The more current cultural references are endless, from the Edies in Grey Gardens to Eleanor 'Crazy Cat Lady' Abernathy in The Simpsons. Michelle Pfeiffer in 1992's Batman Returns played her Catwoman as a cat lady; Angela, the judgemental accountant from the US The Office, owned at least 17 cats; Linda’s sister Gayle in Bob’s Burgers owns three. And who could forget Rebecca Bunch and her song "Buttload Of Cats" in Netflix's Crazy Ex-Girlfriend? None of these women is a traditionally 'aspirational' character. In each iteration, the character and her cats are to be avoided, pitied, disgusted by or laughed at.
The evidence linking 'craziness' and cats is patchy. There are some studies, like this one from Brazil which indicates that women are more likely to be hoarders of animals (hoarders are defined here as neglectful to the animals with an inability to recognise suffering). Generalised hoarding disorder, however, does appear to affect men and women equally.

Of course, the 'crazy cat lady' insult says far less about women and far more about the people who use it. For the Men Going Their Own Way who commented on our piece, ending up as a 'cat lady' is a failure.

Another interesting theory involves toxoplasma gondii, a parasite associated with mental and behavioural syndromes in humans, which is found in cat faeces. Toxoplasma gondii's purported causation of psychiatric conditions is even sometimes referred to as 'crazy cat lady syndrome'. But most scientists pooh-pooh the idea. Dr Randall Lockwood told Vice: "I've seen no literature that suggests there are higher levels of toxoplasma antibodies in hoarders versus non hoarders – so it's quite a stretch going from animal studies to thinking that somehow it's influencing human behaviour."
We asked members of the MGTOW subreddit why, when cats seem so universally popular on the internet, 'cat lady' is still used as an insult. Before our account was blocked and our posts deleted (fair play Reddit), an interesting theme emerged.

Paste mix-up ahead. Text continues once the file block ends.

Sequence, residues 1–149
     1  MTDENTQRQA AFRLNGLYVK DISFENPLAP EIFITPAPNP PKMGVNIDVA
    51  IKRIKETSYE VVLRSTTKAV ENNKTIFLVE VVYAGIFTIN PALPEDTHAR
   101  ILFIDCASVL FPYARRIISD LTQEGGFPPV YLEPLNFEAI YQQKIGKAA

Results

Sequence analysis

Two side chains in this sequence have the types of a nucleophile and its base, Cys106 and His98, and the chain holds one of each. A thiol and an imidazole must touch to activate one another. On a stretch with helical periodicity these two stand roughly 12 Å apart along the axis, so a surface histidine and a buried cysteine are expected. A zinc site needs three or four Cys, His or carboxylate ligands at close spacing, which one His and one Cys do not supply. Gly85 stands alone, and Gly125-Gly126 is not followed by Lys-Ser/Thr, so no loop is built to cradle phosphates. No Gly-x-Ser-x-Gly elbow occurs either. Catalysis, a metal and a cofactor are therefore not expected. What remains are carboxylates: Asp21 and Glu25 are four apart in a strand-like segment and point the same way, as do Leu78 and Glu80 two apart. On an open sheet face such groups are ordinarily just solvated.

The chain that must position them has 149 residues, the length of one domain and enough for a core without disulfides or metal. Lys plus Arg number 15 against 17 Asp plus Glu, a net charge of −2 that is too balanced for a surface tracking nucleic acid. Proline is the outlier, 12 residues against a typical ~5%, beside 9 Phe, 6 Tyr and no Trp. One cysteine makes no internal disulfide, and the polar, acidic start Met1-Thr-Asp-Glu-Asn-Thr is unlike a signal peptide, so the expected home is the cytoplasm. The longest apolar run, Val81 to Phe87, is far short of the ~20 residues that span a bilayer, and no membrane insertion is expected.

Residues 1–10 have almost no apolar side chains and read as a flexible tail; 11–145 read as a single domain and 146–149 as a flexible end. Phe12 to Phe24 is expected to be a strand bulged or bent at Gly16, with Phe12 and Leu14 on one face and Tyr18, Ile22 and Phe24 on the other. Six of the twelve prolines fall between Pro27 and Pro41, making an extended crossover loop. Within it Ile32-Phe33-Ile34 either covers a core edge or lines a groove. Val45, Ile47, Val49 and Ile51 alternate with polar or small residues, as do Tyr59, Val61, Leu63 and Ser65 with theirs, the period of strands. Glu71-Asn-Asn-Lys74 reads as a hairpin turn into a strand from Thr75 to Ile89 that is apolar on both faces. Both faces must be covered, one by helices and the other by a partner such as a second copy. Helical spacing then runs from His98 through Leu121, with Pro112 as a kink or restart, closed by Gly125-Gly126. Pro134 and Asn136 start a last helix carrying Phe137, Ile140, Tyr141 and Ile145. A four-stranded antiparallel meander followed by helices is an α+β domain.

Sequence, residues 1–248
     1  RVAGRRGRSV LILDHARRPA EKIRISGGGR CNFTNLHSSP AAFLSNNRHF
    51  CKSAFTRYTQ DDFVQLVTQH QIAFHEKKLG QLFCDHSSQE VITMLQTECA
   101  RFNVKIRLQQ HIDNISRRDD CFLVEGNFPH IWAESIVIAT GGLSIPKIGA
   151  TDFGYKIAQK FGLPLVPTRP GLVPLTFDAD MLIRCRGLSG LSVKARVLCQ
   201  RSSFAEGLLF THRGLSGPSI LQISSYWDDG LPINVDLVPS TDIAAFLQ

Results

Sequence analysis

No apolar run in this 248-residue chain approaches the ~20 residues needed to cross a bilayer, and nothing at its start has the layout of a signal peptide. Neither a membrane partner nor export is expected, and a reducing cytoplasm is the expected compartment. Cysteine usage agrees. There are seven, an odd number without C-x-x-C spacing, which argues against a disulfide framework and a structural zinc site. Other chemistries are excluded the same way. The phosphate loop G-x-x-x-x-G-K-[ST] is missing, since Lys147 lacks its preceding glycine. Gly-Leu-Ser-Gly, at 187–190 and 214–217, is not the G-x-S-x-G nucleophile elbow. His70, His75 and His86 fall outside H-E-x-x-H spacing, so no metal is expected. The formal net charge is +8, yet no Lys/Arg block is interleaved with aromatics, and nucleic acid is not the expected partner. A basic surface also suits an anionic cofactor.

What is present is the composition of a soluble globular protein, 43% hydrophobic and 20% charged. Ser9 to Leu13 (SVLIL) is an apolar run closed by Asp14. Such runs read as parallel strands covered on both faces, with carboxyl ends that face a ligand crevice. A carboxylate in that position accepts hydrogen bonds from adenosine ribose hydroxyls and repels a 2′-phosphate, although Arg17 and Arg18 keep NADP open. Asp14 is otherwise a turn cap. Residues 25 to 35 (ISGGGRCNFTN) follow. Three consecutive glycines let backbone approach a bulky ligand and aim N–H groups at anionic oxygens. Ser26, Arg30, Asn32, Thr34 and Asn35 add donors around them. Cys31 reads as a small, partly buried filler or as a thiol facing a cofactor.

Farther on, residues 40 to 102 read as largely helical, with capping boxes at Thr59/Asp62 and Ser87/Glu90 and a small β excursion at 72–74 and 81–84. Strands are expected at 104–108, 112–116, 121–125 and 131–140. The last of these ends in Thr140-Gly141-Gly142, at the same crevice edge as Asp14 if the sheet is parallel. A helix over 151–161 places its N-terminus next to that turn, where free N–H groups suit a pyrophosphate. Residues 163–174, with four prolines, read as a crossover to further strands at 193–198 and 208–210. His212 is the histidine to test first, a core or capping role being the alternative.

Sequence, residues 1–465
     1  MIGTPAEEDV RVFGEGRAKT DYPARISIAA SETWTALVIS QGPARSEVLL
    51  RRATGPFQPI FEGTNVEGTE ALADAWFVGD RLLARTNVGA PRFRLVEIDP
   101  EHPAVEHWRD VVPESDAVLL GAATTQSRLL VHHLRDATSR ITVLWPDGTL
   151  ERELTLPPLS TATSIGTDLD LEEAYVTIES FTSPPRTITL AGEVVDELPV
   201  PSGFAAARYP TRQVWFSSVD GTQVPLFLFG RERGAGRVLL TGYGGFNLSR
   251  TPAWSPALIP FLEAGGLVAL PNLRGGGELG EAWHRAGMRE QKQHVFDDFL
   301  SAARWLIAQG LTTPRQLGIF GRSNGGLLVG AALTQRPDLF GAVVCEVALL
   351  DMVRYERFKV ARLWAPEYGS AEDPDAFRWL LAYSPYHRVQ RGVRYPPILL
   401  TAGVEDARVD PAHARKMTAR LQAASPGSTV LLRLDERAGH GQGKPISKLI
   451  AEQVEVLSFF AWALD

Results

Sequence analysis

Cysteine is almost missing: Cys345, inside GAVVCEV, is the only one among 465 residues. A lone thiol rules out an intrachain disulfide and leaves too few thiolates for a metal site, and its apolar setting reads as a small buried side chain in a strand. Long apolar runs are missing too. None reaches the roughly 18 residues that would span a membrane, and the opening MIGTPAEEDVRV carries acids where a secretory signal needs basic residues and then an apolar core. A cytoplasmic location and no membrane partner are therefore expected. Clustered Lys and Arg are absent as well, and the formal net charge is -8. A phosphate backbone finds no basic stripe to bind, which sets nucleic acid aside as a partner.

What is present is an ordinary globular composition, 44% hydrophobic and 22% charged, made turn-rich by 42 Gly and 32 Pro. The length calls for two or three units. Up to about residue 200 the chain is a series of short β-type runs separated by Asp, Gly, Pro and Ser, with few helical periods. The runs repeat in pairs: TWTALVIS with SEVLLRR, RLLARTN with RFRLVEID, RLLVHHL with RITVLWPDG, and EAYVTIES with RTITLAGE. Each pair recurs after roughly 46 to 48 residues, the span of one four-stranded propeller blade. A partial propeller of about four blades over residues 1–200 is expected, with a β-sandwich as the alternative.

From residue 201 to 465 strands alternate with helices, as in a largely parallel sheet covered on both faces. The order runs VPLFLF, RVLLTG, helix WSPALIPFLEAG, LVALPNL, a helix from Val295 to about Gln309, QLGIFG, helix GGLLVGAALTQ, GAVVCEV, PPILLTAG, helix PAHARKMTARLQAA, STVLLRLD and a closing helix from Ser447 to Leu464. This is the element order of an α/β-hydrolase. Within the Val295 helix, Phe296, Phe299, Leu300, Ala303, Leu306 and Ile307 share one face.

Cats are mysterious and although domesticated, still play by their own rules. It is hard to elicit affection from cats and rarely do they demonstrate loyalty. "Dogs give them unquestioned love and affection," one Redditor wrote, "like they want from a guy until he gives it them and then they want a Chad instead." Could it be that the MGTOW commenters using the 'cat lady' insult see themselves as 'doglike' in relationships – trusting and doting – while women are more like cats, rejecting love and care?
Of course, the 'crazy cat lady' insult says far less about women and far more about the people who use it. For the Men Going Their Own Way who commented on our piece, ending up as a 'cat lady' is a failure. It's a fate reserved for those who fail to live up to their expectations.
Ironically, more and more women are going their own way. They are choosing new life paths that have nothing to do with the archetypal husband and 2.4 kids; they're chasing careers, are less heterosexual than ever and are eschewing motherhood, and they're doing it not only successfully but happily.
In the end, how much you love cats is really not the point. If you want to surround yourself with them, or just dote on one, more power to you. Because honestly, if Saturday night entertainment is a choice between being "knee-deep in fanny" with Laurence Fox or drinking rosé with the cat, it's a no-brainer.